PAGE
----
No one is freaking out quite yet.
"It's been pretty calm in here," Lawrence Postmaster Judy Raney says of the atmosphere. "This would be much different if we didn't have the extended weekend."
It's about 6:30 p.m., Tax Day 2006, and the line of people at the downtown Lawrence post office, 645 Vt., snakes through the interior double doors and into the post-office-box-lined lobby.
The atmosphere here may not stay calm for long. Whether last minute tax-filers know it or not, the Lawrence post office will close at 7 p.m., a five-hour change from its typical midnight closing time on tax night.
But now, the line moves quickly, and people still file in the door clutching envelopes and half-used books of stamps.
The two extra days Raney talks about helped weed out those who were simply waiting to file, or needed a weekend day, like Saturday, to make it to the post office Monday.
The people here, they're the few and the proud of Lawrence's procrastinating elite. Even after an extra couple days to prepare and file this year's batch of taxes, they are still here, a half-hour before the early witching hour when Raney and her crew stop postmarking and lock the doors.
"I procrastinate in everything I do," Lawrence resident Colleen Lignell says while she waits in line.
And the two extra days?
"That just made me procrastinate more," she quips.
Brian Dreger knew it would happen. The longtime tax preparer spent much of the weekend crunching his clients' incomes and deductions - lamenting that the two extra days mattered little when you are bent on waiting until the actual last minute.
And by Monday, plenty of people had. As the Alferd Packer Memorial String Band tuned its instruments, a crowd gathered in the lobby, ready for the annual show.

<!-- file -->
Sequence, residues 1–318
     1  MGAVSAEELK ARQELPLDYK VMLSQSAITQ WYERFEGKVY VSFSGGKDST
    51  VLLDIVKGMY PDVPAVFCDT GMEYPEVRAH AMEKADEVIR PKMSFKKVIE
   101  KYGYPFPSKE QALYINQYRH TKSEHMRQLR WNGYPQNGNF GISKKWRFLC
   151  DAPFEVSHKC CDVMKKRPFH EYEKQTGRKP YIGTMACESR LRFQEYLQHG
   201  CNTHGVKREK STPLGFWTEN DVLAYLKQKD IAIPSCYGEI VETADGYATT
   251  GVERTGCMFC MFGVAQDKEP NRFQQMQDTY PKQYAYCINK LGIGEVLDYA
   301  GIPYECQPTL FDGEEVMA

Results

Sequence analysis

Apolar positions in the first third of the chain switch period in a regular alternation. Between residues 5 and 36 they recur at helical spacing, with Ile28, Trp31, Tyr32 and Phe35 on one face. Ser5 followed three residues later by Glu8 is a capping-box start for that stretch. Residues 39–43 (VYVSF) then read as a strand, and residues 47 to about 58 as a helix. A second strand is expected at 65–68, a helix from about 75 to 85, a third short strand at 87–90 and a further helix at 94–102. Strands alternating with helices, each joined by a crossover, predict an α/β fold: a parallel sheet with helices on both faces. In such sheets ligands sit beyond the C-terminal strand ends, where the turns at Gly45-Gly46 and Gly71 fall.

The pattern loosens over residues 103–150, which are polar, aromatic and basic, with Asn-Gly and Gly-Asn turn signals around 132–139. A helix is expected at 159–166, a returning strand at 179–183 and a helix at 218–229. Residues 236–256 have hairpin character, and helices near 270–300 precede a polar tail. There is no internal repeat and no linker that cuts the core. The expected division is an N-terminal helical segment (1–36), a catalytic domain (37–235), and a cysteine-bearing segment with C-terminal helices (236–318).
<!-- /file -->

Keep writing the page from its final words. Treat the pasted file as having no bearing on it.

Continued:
The band plays at the post office every year, but its usual midnight ritual begins early. People should form two lines, they say, one on each side of the hall to greet people rushing through to get their tax returns in on time.
So everyone walks single-file to the hall between the doors and the counters, blows up long green balloons and claps along as the band plays the "William Tell Overture."
Which means, of course, that time is of the essence for late filers. The people run the gauntlet of people and musicians - some laughing and cheering, others wholly unamused - until Baldwin resident Debbie King drops off her friend's taxes and the clock strikes 7.
The band reconvenes in the lobby to play, but late filers still straggle in with tax forms in hand. Raney helps them along until she takes her post by the office's main doors.
Now, it's 7:15 and Raney opens the main door again and again, directing people to the automated stamp machine or taking their mail, making sure taxes get paid on time.
Slight panic changes to wide smiles fast. Many don't realize the post office is actually closed, until the post office counters finally clear and Raney, with one final glance around, pulls the curtains and locks the door.
Chris Beasley from Lawrence walks in just afterward. He can see the place is closed. A sign on the door directs him to the post office in Overland Park.
"I wish I would have known that a few hours ago when I was in Olathe," he grumbles.
A group of people start to gather around the mail slot, reading the sign that says postal workers already have collected the last batch of letters for the evening.
Kreg Pemberton, Winchester, walks up and reads the sign. His shoulders slump down.
"Man, I just got off work," he says, walking back out the door.
This isn't the first time he has been in the post office on Tax Day. It's just the first time it has closed before he arrived.
"Well," he says. "I guess I'll go find some other joint."
By late Monday, the post office lobby is packed with people trying to skirt the locked doors.
A machine in the lobby spits out stamps that have the date and time printed on them. For those in line, the machine meant they could file their taxes even after the last batch of mail left for the day.
"I was expecting them to be open until midnight," Lawrence resident Bill Anderson says as he wrestles with the machine. "This better work."
Lindsey Williams stands a few people behind Anderson in the line that, at times, ran 30 people deep.
"We're all going on the logic that they're going to go by their own rules," he says, arms crossed. "If not, we'll have problems."